The GDPR does not have specific rules on passwords. Instead, the GDPR imposes a more general requirement to ensure data protection by implementing “appropriate” technical and organizational measures, “[t]aking into account the state of the art, the costs of implementation and the nature, scope, context and purposes of processing as well as the risk of varying likelihood and severity for the rights and freedoms of natural persons” (c.f. Art 24, 25, 32 GDPR).
As of 2021, the state of the art for password storage is a special password hashing function such as Argon2, bcrypt, or scrypt.
However, the nature and context of processing could reasonably lead to the conclusion that the usual hashed password storage is not appropriate, for example because the ability to find links between user accounts is more important. There is a trade-off between different aspects of security, and the data controller could reasonably arrive at an unusual conclusion. However:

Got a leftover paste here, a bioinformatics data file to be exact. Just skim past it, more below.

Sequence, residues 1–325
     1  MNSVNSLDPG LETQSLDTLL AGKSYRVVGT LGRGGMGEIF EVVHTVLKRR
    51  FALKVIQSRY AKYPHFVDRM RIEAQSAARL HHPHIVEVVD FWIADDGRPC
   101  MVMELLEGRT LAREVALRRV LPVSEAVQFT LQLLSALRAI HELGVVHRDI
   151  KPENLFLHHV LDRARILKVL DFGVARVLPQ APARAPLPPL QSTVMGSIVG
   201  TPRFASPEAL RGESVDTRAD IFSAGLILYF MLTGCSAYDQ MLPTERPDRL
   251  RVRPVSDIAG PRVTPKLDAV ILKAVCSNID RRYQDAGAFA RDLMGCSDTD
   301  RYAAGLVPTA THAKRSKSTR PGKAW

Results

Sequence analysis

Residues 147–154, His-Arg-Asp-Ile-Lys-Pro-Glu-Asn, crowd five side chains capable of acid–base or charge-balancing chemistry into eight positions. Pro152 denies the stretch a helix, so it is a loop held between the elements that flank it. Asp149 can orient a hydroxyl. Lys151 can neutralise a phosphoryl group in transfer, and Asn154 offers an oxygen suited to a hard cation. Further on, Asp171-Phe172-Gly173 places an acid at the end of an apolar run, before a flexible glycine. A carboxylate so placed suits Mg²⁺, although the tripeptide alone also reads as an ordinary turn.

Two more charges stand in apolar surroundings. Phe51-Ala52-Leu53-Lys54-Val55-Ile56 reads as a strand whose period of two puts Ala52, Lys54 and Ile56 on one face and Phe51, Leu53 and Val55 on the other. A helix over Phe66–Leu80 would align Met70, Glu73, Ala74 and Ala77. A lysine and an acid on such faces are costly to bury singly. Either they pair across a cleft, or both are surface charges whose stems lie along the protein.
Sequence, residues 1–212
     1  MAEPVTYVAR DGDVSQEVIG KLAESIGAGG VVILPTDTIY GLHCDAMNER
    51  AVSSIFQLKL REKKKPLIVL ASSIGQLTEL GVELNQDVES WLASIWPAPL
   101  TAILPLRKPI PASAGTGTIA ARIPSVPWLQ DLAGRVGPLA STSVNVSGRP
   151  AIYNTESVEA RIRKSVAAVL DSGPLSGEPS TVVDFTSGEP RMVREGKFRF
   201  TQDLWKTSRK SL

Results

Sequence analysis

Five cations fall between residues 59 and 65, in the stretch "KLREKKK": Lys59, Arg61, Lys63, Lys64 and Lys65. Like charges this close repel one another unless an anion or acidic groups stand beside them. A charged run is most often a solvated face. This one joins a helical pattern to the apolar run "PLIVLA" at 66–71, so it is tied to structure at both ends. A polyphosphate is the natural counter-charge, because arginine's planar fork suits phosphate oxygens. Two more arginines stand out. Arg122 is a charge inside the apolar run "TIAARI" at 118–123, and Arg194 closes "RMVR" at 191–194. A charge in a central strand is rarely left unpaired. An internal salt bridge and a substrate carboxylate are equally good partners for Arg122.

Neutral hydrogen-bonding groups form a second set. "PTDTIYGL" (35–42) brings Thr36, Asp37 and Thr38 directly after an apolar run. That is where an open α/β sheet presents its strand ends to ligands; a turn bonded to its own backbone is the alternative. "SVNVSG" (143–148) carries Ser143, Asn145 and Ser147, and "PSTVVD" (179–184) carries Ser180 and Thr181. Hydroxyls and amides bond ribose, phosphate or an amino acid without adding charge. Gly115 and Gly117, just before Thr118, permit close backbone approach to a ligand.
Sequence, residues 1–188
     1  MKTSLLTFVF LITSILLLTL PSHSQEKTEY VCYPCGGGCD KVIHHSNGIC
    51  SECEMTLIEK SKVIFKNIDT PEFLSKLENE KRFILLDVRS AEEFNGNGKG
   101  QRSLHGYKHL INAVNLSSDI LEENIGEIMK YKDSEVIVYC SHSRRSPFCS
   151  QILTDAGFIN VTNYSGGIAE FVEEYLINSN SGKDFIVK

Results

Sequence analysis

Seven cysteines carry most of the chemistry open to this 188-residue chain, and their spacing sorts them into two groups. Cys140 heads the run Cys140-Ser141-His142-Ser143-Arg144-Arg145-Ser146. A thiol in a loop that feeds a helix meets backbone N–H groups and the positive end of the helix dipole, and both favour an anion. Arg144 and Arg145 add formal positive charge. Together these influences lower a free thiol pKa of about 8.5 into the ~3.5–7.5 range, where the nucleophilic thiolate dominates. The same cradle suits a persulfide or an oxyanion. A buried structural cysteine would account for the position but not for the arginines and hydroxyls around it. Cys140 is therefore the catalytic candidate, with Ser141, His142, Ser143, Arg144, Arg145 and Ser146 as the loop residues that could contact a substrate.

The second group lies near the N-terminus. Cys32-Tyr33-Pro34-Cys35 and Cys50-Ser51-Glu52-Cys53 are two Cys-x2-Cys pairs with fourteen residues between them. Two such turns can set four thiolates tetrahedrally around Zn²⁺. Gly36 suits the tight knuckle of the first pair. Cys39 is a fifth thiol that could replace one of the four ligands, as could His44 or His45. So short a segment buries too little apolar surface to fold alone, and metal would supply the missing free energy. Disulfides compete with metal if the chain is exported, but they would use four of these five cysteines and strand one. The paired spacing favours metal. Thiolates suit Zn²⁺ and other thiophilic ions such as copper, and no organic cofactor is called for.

The data controller would still have to implement appropriate measures to protect these plaintext passwords, for example by storing them in an encrypted manner, keeping unforgeable access logs, and limiting access to plaintext passwords to specially trained staff. Encryption is one of the few things that are explicitly required whenever appropriate.
The data controller better have a good analysis that shows that this unusual approach to security is appropriate. Even if not explicitly required, an Art 35 data protection impact assessment could be useful. The data controller has the burden of proof to show that these processing activities are GDPR-compliant.
So is this data controller breaking the law or doing morally dubious stuff? Not necessarily! It is possible to find a scenario where they are doing the right thing. However, such a scenario is far-fetched and rather unlikely. Without further background, the most likely explanation is that the presented password handling scheme does not comply with GDPR.